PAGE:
Disputation: Approaching well-founded comprehensive nuclear data uncertainties: Fitting imperfect models to imperfect data
- Location: Häggsalen, Ångströmslaboratoriet, Lägerhyddsv. 1, Uppsala
- Doctoral student: Helgesson, Petter
- About the dissertation
- Organiser: Tillämpad kärnfysik
- Contact person: Helgesson, Petter
Nuclear physics has a wide range of applications; e.g., low-carbon energy production, medical treatments, and non-proliferation of nuclear weapons. Nuclear data (ND) constitute necessary input to computations needed within all these applications.
This thesis considers uncertainties in ND and their propagation to applications such as ma- terial damage in nuclear reactors. TENDL is today the most comprehensive library of evaluated ND (a combination of experimental ND and physical models), and it contains uncertainty estimates for all nuclides it contains; however, TENDL relies on an automatized process which, so far, includes a few practical remedies which are not statistically well-founded. A longterm goal of the thesis is to provide methods which make these comprehensive uncertainties well-founded. One of the main topics of the thesis is an automatic construction of experimental covariances; at first by attempting to complete the available uncertainty information using a set of simple rules. The thesis also investigates using the distribution of the data; this yields promising results, and the two approaches may be combined in future work.
In one of the papers underlying the thesis, there are also manual analyses of experiments, for the thermal cross sections of Ni-59 (important for material damage). Based on this, uncertainty components in the experiments are sampled, resulting in a distribution of thermal cross sections. After being combined with other types of ND in a novel way, the distribution is propagated both to an application, and to an evaluated ND file, now part of the ND library JEFF 3.3.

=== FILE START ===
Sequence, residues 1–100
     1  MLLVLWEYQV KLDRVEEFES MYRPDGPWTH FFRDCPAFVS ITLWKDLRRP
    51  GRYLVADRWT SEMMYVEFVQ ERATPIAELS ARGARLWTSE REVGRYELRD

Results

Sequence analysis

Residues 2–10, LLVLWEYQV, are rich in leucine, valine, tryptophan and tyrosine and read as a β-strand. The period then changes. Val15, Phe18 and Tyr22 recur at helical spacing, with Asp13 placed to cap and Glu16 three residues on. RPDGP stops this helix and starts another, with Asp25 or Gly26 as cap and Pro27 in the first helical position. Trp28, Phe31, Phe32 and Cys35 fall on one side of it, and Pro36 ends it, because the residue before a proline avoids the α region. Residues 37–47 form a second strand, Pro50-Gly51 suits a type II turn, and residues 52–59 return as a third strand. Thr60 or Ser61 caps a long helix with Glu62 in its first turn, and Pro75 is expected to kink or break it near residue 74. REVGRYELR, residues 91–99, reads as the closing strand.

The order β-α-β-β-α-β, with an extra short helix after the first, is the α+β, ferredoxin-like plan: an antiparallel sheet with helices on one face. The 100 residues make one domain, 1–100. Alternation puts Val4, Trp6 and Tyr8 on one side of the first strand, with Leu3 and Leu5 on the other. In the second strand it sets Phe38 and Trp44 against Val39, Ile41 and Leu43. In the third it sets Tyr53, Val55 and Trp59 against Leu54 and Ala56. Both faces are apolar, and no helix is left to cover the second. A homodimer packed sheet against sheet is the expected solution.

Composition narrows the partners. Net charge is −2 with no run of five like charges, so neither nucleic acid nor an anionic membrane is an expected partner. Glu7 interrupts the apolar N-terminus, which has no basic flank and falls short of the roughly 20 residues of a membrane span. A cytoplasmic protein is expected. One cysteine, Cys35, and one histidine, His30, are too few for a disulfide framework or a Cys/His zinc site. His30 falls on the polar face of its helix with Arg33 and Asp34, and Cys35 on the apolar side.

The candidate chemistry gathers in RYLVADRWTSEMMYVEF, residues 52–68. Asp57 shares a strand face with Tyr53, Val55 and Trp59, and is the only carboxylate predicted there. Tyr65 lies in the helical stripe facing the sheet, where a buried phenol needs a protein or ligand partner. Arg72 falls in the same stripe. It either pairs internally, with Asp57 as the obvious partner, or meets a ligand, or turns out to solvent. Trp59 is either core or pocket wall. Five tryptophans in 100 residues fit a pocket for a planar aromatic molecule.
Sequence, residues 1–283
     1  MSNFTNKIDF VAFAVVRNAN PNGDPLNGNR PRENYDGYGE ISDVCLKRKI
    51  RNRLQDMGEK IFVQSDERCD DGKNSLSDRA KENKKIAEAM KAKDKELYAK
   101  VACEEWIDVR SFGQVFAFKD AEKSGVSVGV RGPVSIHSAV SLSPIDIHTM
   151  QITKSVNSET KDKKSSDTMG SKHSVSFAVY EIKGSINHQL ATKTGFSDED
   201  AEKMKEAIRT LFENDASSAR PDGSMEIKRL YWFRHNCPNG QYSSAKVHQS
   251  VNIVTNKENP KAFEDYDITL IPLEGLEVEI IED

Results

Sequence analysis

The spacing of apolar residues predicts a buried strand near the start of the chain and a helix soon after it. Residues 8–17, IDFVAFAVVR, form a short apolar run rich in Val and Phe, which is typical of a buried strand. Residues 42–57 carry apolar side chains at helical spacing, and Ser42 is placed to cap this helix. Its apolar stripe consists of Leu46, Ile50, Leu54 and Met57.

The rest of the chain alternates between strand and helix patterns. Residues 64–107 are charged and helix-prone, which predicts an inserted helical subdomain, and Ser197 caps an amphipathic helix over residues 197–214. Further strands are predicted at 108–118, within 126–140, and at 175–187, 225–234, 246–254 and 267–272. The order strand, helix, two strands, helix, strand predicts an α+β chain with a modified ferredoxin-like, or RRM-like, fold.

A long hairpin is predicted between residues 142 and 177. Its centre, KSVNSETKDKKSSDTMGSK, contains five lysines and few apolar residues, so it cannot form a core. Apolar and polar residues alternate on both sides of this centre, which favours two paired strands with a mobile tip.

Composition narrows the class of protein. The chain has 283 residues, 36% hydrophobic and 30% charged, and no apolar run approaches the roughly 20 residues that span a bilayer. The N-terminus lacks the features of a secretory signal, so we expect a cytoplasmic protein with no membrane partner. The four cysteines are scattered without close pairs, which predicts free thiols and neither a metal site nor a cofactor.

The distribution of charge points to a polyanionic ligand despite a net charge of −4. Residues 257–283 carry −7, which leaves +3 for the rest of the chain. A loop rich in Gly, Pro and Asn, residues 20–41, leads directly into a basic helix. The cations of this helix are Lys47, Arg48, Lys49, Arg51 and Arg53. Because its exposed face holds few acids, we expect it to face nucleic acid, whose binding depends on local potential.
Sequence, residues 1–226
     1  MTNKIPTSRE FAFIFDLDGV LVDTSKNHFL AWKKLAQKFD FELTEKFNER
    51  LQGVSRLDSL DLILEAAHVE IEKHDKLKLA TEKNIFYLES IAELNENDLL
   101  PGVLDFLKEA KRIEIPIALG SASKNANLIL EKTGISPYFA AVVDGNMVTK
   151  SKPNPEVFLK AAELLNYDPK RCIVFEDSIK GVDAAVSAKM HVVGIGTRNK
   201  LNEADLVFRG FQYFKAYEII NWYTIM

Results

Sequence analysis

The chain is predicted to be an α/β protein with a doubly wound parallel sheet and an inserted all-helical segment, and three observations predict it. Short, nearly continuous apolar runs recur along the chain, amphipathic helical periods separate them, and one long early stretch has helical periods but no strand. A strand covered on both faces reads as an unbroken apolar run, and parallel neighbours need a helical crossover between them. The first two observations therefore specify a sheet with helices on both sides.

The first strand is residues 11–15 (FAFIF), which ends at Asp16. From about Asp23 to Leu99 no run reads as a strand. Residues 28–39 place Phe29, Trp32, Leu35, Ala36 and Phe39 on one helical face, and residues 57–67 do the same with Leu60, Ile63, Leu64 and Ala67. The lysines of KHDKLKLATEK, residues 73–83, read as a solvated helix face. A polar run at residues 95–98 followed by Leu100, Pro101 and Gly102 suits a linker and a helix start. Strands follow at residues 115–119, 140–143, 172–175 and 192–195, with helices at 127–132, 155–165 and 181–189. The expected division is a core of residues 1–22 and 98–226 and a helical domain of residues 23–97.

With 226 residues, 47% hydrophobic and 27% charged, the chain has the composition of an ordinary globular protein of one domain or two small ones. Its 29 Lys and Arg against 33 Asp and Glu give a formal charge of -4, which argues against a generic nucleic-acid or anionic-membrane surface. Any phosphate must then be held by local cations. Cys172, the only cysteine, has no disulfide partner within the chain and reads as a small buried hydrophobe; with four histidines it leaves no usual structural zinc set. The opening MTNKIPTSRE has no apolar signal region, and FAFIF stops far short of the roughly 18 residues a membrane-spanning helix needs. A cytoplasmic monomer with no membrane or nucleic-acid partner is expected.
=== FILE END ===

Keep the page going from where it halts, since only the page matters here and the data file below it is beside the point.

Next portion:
The thesis also compares a set of different techniques used to fit models in ND evaluation. For example, it is quantified how sensitive different techniques are to a model defect, i.e., the inability of the model to reproduce the truth underlying the data. All techniques are affected, but techniques fitting model parameters directly (such as the primary method used for TENDL) are more sensitive to model defects. There are also advantages with these methods, such as physical consistency and the possibility to build up a framework such as that of TENDL.
The treatment of these model defects is another main topic of the thesis. To this end, two ways of using Gaussian processes (GPs) are studied, applied to quite different situations. First, the addition of a GP to the model is used to enable the fitting of arbitrarily shaped peaks in a histogram of data. This is shown to give a substantial improvement compared to if the peaks are assumed to be Gaussian (when they are not), both using synthetic and authentic data.
The other approach uses GPs to fit smoothly energy-dependent model parameters in an ND evaluation context. Such an approach would be relatively easy to incorporate into the TENDL framework, and ensures a certain level of physical consistency. It is used on a TALYS-like model with synthetic data, and clearly outperforms fits without the energy-dependent model parameters, showing that the method can provide a viable route to improved ND evaluation. As a proof of concept, it is also used with authentic TALYS, and with authentic data.
To conclude, the thesis takes significant steps towards well-founded comprehensive ND un- certainties.